The bad news is, I'm too busy working with my clients to create new content for this blog. The good news is, I have copies of a bunch of posts I created for a community blog that were lost from that site through a technology glitch. Here's an example from August, 2019.
A dozen people from as far away as New Jersey braved thunder, lightning and swarms of mosquitoes for a “Gossip Tour of Fort Ticonderoga.”
The tour promised:
“the real story of life at Ticonderoga… Drunken soldiers, stolen wives, unsolved crimes, and attempted murder were sprinkled through the experiences of the men and women stationed at Ticonderoga from 1755 to 1781.”
Fort Ticonderoga, known as the “key to the continent,” is situated in Essex County on a peninsula between Lake George and Lake Champlain. It seesawed between strategic significance and military backwater in the French & Indian and Revolutionary wars, was abandoned in the 19th century and rebuilt as a historic attraction in the early 20th century. The Gossip Tour is one of the ways the Fort keeps people coming back – they’re always putting a fresh spin on history.
Guns and Alcohol Do Not Mix
Ticonderoga was a desolate place in the middle of a hostile wilderness – but at least there was booze to take the edge off. Whether rum, fortified wine, or locally produced spruce beer, alcohol was both a daily ration and an occasional reward. Overindulgence led to soldiers getting lost, being left behind when regiments moved out, even armed brawls.
One of the best documented fights was over a woman. Calling it a “lurid tale of Ti,” curator and tour leader Matthew Keagle told the story of a soldier, his wife, and allegations of infidelity with an officer. Drunkenness, fighting and time in confinement ensued. Drawing from diaries and documents in the Fort’s collection, Keagle built the drama to a peak … then left the group hanging as the written record stopped without a resolution. Just one of the challenges of being a historian, he said.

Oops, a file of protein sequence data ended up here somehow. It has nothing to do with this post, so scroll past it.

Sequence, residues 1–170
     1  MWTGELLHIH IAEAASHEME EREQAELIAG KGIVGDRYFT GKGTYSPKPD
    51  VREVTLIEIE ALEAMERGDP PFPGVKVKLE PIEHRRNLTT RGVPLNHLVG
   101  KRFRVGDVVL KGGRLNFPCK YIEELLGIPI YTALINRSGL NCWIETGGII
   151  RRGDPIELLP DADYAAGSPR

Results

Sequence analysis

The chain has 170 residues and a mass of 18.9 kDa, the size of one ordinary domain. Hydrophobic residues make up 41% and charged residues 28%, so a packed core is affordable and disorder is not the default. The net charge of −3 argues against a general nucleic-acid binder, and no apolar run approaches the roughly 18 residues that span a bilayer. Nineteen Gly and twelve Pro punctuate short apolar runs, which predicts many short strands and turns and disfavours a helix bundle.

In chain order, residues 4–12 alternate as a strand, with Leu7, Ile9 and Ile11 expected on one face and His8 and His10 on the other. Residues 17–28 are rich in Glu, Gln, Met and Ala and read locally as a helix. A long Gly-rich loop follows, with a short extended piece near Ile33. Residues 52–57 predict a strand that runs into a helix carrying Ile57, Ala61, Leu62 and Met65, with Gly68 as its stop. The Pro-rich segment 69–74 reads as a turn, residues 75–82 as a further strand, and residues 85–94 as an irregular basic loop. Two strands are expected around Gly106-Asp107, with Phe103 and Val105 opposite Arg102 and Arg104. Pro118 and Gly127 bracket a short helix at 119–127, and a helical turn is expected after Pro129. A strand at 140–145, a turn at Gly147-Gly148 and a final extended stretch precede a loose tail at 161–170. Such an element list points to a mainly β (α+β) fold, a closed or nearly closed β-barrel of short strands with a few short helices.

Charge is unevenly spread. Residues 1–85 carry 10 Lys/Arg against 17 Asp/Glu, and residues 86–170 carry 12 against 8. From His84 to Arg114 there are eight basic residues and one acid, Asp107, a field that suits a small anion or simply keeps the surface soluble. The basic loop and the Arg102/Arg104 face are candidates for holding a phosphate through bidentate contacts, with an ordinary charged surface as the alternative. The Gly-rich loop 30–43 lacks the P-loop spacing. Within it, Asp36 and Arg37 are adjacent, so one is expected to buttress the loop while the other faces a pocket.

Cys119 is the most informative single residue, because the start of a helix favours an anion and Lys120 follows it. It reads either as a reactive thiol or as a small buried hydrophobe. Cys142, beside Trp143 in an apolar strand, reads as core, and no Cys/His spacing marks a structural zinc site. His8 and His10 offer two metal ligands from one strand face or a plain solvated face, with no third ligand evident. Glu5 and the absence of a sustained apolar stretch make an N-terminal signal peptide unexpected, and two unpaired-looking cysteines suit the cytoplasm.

Familiarity Breeds Contempt
At capacity, Fort Ticonderoga could house several hundred soldiers in its barracks. In such tight quarters, slights – perceived or actual – would fester into all-out fights. John Lacey, born in Bucks County, Pennsylvania, served as a captain under Colonel Anthony Wayne. Lacey recorded a long list of grievances against Wayne – he would have been great on Twitter – and eventually resigned his commission. While Keagle referred to him as “pouty,” Lacey later rejoined the Bucks County Regiment of militia and commanded the American forces at the Battle of Crooked Billet.
Additional stories included inter-regimental fighting – a la Sharks vs. Jets, a brave Scotsman protecting a haymow from a marauding cow, and upstart officers ignoring the protocols of rank.
As the tour wrapped up, Keagle noted that despite the bickering and infighting, the soldiers who served at Fort Ticonderoga played an outsized role in the birth of the United States of America. While scholars focus on major battles, the stories on the Gossip Tour are the “garnish” that brings history to life.
Visit Fort Ticonderoga
Fort Ticonderoga is open daily from 9:30 a.m. - 5:00 p.m. through October 31 and is a 2-hour drive from Albany.
Comments are closed.
Colleen M. Ryan is an